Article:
November 16, 2018

What Should We Do with All This Freedom?

Romans 14:20–15:3

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20 Do not, for the sake of food, destroy the work of God. Everything is indeed clean, but it is wrong for anyone to make another stumble by what he eats. 21 It is good not to eat meat or drink wine or do anything that causes your brother to stumble.1 22 The faith that you have, keep between yourself and God. Blessed is the one who has no reason to pass judgment on himself for what he approves. 23 But whoever has doubts is condemned if he eats, because the eating is not from faith. For whatever does not proceed from faith is sin.2

The Example of Christ

We who are strong have an obligation to bear with the failings of the weak, and not to please ourselves. Let each of us please his neighbor for his good, to build him up. For Christ did not please himself, but as it is written, “The reproaches of those who reproached you fell on me.”

Footnotes

[1] 14:21 Some manuscripts add or be hindered or be weakened
[2] 14:23 Some manuscripts insert here 16:25–27

In Context:

15 For if your brother is grieved by what you eat, you are no longer walking in love. By what you eat, do not destroy the one for whom Christ died. 16 So do not let what you regard as good be spoken of as evil. 17 For the kingdom of God is not a matter of eating and drinking but of righteousness and peace and joy in the Holy Spirit. 18 Whoever thus serves Christ is acceptable to God and approved by men. 19 So then let us pursue what makes for peace and for mutual upbuilding. 20 Do not, for the sake of food, destroy the work of God. Everything is indeed clean, but it is wrong for anyone to make another stumble by what he eats. 21 It is good not to eat meat or drink wine or do anything that causes your brother to stumble. 22 The faith that you have, keep between yourself and God. Blessed is the one who has no reason to pass judgment on himself for what he approves. 23 But whoever has doubts is condemned if he eats, because the eating is not from faith. For whatever does not proceed from faith is sin.

What Should We Do with All This Freedom?



Bio | Kenny Rodgers

My name is Kenny Rodgers, and I am thankful to be a husband to Anne and a father to Caleb and Ethan. I am most thankful, though, to be a child of God.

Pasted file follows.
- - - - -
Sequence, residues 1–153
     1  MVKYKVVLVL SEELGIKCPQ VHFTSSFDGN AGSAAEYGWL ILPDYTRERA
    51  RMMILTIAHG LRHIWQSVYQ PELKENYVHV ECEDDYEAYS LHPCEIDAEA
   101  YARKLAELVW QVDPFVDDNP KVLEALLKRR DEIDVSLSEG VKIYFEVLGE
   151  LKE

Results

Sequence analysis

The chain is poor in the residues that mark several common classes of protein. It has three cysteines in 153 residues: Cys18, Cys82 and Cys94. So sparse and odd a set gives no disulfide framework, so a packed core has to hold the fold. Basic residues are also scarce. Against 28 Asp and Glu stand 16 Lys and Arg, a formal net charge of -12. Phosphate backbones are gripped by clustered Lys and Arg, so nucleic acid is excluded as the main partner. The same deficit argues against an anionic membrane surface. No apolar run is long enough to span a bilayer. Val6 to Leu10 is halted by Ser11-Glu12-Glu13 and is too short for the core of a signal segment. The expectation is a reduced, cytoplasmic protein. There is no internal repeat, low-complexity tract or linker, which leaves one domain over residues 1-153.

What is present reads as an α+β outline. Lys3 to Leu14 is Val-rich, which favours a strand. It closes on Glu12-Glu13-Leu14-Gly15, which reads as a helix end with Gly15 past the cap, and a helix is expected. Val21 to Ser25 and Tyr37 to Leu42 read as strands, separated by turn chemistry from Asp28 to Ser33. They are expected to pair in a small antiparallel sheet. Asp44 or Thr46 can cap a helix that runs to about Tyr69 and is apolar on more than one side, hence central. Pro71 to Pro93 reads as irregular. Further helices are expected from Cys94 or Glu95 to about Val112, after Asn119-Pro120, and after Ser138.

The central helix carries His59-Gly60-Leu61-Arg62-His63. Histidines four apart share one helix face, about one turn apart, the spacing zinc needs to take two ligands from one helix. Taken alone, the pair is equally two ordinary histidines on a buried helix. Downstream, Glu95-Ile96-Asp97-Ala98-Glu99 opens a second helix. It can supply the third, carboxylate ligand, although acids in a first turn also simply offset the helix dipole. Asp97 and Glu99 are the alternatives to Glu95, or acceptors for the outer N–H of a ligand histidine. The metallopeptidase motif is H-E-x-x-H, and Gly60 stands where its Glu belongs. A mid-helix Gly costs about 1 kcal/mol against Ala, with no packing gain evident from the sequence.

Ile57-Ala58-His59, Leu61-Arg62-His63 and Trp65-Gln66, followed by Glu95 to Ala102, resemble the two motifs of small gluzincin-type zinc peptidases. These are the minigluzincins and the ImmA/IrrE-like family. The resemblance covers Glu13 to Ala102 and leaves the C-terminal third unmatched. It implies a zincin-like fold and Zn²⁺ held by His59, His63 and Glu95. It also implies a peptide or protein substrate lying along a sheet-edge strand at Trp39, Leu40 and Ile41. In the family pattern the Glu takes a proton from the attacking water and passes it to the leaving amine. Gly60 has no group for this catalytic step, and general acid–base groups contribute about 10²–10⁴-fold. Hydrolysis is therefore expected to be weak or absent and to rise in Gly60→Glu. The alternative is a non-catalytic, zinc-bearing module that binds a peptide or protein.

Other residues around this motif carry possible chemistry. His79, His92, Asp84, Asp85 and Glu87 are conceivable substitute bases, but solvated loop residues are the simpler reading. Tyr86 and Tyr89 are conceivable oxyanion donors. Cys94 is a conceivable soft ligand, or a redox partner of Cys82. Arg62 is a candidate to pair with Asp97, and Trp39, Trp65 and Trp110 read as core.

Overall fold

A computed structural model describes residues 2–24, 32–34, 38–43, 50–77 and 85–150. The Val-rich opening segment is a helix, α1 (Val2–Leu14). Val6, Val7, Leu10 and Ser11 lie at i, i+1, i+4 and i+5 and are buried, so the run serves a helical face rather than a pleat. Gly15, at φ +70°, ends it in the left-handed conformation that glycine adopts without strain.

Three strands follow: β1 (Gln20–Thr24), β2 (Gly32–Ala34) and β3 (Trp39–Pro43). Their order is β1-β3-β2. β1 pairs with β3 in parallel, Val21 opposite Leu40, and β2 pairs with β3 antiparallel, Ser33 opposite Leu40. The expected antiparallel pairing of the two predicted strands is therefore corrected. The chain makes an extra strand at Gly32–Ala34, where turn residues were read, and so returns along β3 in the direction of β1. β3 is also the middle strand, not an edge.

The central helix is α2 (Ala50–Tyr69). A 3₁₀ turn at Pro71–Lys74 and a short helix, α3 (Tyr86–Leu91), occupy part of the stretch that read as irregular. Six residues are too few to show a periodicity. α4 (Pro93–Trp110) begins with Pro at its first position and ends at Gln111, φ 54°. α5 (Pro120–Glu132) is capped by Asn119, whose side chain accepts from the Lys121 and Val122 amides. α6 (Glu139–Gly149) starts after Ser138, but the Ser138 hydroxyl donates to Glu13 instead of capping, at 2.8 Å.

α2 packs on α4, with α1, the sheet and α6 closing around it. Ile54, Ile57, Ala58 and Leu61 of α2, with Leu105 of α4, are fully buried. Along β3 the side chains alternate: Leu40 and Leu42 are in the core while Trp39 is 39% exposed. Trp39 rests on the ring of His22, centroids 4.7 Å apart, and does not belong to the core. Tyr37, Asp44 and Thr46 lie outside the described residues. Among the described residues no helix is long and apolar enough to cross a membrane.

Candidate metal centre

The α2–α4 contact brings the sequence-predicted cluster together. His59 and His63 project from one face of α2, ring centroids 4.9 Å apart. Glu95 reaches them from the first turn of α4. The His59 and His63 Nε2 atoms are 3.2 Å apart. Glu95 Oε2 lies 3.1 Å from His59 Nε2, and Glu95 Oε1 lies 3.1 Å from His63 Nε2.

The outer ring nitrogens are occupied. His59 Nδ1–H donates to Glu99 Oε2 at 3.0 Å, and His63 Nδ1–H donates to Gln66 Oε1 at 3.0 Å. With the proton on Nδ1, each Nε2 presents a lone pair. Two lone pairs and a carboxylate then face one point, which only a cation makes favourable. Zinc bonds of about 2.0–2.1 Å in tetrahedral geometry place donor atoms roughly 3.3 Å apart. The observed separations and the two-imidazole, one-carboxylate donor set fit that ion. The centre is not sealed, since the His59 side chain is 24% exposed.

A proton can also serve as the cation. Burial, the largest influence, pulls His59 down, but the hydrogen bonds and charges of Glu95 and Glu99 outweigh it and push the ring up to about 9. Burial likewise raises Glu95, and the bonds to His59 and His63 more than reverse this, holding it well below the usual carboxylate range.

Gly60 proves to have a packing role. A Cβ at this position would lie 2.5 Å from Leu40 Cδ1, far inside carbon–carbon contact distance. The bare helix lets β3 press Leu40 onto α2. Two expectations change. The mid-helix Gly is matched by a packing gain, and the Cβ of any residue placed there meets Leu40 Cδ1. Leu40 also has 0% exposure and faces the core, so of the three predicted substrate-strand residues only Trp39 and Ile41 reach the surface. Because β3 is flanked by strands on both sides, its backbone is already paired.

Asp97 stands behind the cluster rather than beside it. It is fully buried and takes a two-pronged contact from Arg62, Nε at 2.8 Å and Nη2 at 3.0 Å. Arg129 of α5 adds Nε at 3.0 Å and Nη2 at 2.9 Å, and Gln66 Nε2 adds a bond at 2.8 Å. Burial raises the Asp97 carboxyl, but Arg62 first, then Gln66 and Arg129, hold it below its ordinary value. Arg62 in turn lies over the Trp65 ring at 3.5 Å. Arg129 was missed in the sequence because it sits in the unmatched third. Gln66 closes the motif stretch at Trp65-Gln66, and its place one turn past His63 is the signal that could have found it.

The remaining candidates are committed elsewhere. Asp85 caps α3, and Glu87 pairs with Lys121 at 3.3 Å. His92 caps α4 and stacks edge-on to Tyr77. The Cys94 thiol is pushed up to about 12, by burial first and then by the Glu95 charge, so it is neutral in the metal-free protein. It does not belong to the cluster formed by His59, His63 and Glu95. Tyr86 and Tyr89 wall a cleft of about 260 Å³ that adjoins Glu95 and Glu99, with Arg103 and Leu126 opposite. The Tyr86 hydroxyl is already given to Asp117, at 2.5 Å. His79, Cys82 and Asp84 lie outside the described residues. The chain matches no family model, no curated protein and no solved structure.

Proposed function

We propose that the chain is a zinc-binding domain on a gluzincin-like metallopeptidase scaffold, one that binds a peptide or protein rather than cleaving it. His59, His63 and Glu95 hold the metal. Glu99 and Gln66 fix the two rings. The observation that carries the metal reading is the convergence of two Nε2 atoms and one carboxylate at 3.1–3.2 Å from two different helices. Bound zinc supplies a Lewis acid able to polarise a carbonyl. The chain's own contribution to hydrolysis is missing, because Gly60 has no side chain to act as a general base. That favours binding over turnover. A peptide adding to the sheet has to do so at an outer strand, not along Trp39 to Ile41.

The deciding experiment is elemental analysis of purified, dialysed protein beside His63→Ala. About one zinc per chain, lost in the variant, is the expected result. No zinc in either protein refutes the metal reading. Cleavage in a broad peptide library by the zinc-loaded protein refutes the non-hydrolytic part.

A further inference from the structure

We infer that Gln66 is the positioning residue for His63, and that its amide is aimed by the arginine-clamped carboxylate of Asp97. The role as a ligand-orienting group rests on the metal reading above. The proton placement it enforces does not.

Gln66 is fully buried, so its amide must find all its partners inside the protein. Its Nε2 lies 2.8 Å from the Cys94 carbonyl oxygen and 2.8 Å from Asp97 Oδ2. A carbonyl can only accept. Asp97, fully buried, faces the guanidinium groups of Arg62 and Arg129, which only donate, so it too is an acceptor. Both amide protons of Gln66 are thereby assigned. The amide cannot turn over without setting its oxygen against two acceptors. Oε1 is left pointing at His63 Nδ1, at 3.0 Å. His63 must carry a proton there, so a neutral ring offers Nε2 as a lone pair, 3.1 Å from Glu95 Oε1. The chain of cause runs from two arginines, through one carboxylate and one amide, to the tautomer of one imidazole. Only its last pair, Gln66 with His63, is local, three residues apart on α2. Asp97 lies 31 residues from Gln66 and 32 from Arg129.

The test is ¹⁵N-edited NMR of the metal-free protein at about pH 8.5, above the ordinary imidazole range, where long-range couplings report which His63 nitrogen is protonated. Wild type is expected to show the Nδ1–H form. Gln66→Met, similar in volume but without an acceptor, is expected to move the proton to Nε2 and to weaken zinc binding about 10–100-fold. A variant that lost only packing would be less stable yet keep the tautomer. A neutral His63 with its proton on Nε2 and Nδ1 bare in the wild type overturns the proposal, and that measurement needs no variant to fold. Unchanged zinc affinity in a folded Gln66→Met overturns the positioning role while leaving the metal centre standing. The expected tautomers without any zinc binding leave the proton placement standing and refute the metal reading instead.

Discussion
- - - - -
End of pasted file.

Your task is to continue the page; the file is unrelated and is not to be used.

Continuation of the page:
As I write this, I'm 36 years old. To some of you, that's old; to some of you, that's young. We can all agree, though, that our lives are short. Regardless of age, none of us has much time left. I pray that we all use the remainder of the time freely given to us by God to glorify Him in everything we do.

Central Truth

We need to constantly move toward Christ, point others in His direction, and rid ourselves of any sins or freedoms that get in the way.

Devotional | Romans 14:20–15:3

Some sins are easily categorized into right and wrong or black and white, such as cheating, murder, and adultery. What about the gray areas that aren't so obvious, though, like food, alcohol, and movies?...

Some sins are easily categorized into right and wrong or black and white, such as cheating, murder, and adultery. What about the gray areas that aren't so obvious, though, like food, alcohol, and movies? Paul is teaching us here how we should exercise any freedoms we may have in these gray areas so as not to sin.

One gray area I've struggled with in the past is gambling. Right around the time I graduated from college, I built up a fairly large amount of winnings. However, God graciously allowed me to lose all of it . . . and then some. Naturally, I'm not a fan of gambling now, as I've seen the destruction it can cause. Therefore, I've stayed away from it for quite some time.

So, a few years ago, when my community group wanted to have a "March Madness" basketball tournament, this issue came up. The idea was great—we would all fill out a bracket, with the winner essentially getting a date night with their spouse, and the loser being tasked to bring dessert to our next group meeting. This was meant to be in good fun, but because of my strong opinions on anything resembling gambling, my group wanted to make sure this was okay with me. Even though this was an area where they weren't sinning and had freedom, they didn't want to use that freedom if it was going to be a stumbling block for me (Romans 14:21).